Phishing Simulation Tips

    If you’re interested in launching phishing awareness training at your school, whether it’s in-house or through a third-party, keep in mind that a well-designed simulation should:

    • Present users with a realistic type of cyber-attack
    • Include a follow-up meeting for end users and IT personnel to discuss the results of the campaign (for example, the percentage of users who fell for the simulation) and how to avoid scams in the future
    • Prompt further security training based on the results

    The ultimate goal of a phishing drill is not to trick or embarrass your staff or students, but to educate them so they can better protect themselves, and, by extension, your systems and network.

  • It’s All about Relationships – Relationships 102: Trust & Respect

    by Natalie Spooner, Sales Consultant | May 11, 2017

    I recently wrote about the importance of self-reflection, so I sat down to do just that and make sure I’m holding myself accountable. After all, I’m a stakeholder in my relationships so I need to do my part too. As I reflected on all the positive relationships in my life, I realized they share two things in common: trust and respect.

    Trust and respect go together like milk and cookies… but what happens when someone burns the cookies or puts the empty milk carton back in the refrigerator? In line with my cookie analogy, we’ve all been burned before and it’s not always easy to clear the seared smell out of the air. Damage to the trust and respect you have in others and the trust they have for you can have long-lasting residual effects, but so can letting go of the past in an effort to move forward.

    In this blog post, I’m exploring what trust and respect are all about, how to build a solid foundation for both, and how you can move forward when things don’t go exactly as planned.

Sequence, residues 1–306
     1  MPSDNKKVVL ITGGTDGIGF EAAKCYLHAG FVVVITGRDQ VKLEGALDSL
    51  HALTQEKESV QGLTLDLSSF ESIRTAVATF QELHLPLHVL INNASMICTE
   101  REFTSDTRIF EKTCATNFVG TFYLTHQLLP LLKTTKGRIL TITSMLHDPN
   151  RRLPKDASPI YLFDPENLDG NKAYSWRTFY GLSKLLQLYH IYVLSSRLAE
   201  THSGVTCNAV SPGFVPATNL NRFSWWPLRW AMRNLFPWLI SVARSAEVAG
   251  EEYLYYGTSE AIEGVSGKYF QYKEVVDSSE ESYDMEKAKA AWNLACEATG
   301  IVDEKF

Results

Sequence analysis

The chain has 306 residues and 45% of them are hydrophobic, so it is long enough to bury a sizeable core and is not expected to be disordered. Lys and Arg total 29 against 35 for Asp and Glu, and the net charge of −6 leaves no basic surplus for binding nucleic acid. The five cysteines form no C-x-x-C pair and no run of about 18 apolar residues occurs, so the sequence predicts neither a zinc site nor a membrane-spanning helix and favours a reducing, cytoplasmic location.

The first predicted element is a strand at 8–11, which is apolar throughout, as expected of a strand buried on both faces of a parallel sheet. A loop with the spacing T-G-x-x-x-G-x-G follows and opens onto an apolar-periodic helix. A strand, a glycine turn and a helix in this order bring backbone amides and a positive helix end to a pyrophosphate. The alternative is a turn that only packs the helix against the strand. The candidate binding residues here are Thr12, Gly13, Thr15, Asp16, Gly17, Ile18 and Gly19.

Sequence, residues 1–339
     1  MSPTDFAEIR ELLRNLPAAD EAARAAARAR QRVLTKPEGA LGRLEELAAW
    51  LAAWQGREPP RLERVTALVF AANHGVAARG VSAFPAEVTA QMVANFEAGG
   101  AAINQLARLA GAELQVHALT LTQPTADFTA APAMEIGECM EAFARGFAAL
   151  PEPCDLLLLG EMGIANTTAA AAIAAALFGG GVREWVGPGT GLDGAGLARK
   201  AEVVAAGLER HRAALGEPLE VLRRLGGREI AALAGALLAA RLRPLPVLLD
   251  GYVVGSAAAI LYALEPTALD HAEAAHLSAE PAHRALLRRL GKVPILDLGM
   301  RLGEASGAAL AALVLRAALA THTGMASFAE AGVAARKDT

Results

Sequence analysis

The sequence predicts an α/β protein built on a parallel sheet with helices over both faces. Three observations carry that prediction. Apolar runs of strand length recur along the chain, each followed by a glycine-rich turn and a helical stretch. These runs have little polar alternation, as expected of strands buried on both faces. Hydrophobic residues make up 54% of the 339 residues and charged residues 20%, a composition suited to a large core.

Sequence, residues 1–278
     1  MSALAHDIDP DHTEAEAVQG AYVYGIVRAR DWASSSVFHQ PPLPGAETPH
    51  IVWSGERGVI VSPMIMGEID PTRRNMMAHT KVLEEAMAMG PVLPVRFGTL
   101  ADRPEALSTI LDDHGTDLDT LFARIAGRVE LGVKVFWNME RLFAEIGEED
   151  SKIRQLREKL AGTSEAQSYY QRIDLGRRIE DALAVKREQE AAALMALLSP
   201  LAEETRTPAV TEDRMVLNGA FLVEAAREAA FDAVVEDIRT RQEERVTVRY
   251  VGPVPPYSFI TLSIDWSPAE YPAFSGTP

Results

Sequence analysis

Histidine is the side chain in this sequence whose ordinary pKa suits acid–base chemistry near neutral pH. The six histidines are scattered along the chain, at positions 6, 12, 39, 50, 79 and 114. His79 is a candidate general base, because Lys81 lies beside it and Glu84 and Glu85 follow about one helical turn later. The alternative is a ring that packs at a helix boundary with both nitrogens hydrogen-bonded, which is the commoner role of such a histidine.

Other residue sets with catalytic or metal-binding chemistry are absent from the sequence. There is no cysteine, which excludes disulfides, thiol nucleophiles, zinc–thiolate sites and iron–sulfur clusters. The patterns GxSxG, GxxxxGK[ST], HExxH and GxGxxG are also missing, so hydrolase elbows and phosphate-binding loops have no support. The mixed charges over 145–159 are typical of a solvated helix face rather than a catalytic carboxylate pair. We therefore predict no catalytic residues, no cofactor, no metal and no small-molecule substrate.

Trust & Respect Basics

    Trust is defined as “assured reliance on the character, ability, strength, or truth of someone or something,” whereas respect is defined as “the quality or state of being esteemed.” While we understand the meaning of these words, the true definition lies within the way we feel. Our emotion and intuition express a subjective impression on something that can be difficult to measure.

    Both trust and respect take time to earn, so try not to rush the process. While you’re working to build the trust you have in others, they’re doing the same of you so be sure to inspire both trust and respect by allowing the time it takes to display your own character and capability. Accept the challenge of earning the trust and respect of others and remember to be consistent in your actions, be honest, honor your commitments, and practice good judgement.

    Building the Foundation

    The old adage of “do as I say, not as I do” doesn’t go far in terms of building a solid foundation of trust and respect. If you want the trust and respect of others, and want them to reciprocate, you’d better practice what you preach. Take a look at the following guidelines I believe are necessary in building long-lasting, valuable relationships.

    Take your Commitments Seriously

    It’s just that easy. If you say you’re going to be somewhere, show up. If you assume responsibility for a project, make sure it gets done (and done well). If you expect others to work hard, be a good example. Show others you deserve their trust and respect by holding yourself accountable.

    Practice Humility

    Work hard in silence and let your hard work speak volumes. While you should be proud of your accomplishments, don’t brag about them. Instead, focus on praising others and their successes! It’s very rare that we complete a project without the help of others so when you’re praised for a job well done, be sure to give credit to others when credit is due (more to come on this later).